Groat

From John o' Groat's house to the Land's End. From Dan to Beersheba, from one end of Great Britain to the other. John o' Groat was a Dutchman, who settled in the most northerly point of Scotland in the reign of James IV., and immortalised himself by the way he settled a dispute respecting precedency. (See John O' Groat.)

Blood without groats is nothing
(north of England), meaning “family without fortune is worthless.” The allusion is to black-pudding, which consists chiefly of blood and groats formed into a sausage.

Not worth a groat.
Of no value. A groat is a silver fourpence. The Dutch had a coin called a grote, a contraction of grote-schware (great schware), so called because it was equal in value to five little schware. So the coin of Edward III. was the groat or great silver penny, equal to four penny pieces. The modern groat was first issued in 1835, and were withdrawn from circulation in 1887. (French, gros, great.) Groats are no longer in circulation.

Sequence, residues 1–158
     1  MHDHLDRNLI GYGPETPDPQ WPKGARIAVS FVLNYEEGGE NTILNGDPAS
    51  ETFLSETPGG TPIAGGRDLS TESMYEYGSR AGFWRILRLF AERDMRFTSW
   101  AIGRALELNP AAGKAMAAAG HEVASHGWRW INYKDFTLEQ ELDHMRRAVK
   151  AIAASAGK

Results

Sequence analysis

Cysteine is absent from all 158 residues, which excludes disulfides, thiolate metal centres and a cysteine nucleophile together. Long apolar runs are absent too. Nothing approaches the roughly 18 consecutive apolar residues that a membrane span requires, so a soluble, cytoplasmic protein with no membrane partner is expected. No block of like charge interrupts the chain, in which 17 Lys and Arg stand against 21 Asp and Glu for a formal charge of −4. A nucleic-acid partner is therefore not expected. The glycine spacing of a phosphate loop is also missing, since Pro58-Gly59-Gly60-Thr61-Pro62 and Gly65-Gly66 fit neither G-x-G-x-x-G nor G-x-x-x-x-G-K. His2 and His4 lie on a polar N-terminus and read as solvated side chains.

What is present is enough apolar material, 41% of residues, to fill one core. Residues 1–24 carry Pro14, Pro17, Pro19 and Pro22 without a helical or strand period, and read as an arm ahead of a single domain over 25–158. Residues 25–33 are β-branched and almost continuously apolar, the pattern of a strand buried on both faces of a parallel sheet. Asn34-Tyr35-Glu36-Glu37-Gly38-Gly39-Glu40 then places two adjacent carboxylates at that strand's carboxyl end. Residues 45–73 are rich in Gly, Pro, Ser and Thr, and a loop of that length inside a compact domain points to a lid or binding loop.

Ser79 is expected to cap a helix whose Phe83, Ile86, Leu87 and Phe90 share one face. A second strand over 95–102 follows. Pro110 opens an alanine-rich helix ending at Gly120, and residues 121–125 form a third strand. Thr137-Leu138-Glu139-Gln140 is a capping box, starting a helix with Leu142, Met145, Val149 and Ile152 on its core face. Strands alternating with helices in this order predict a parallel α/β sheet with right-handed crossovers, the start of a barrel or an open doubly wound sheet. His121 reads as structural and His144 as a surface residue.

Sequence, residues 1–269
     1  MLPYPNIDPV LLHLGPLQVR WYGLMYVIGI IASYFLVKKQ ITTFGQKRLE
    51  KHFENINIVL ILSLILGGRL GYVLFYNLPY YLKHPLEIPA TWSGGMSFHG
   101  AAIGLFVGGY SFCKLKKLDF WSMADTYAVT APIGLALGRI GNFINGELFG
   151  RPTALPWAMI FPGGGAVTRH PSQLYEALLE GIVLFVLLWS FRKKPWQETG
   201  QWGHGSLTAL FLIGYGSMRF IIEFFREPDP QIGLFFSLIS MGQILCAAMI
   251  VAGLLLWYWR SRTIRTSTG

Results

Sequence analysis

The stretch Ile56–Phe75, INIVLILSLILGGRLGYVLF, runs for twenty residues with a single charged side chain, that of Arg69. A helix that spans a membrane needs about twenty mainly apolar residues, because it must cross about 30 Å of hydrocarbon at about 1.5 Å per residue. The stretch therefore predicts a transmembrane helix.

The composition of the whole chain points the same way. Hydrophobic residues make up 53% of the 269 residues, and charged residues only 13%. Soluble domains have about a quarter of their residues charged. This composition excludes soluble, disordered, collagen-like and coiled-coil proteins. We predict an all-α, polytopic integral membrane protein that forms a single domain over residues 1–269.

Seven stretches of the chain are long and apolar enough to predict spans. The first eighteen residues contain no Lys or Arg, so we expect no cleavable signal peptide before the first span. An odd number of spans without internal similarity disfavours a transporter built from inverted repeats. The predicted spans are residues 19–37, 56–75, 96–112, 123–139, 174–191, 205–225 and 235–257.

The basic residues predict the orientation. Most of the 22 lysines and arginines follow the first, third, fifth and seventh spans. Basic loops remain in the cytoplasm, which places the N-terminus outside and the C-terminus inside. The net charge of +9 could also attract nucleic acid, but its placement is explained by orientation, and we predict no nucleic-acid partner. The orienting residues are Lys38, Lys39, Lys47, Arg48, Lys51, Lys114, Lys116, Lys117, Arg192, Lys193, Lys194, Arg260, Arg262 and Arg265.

“He that spends a groat a day idly, spends idly above six pounds a year.” —Franklin: Necessary Hints, p. 131.

Source: Dictionary of Phrase and Fable, E. Cobham Brewer, 1894
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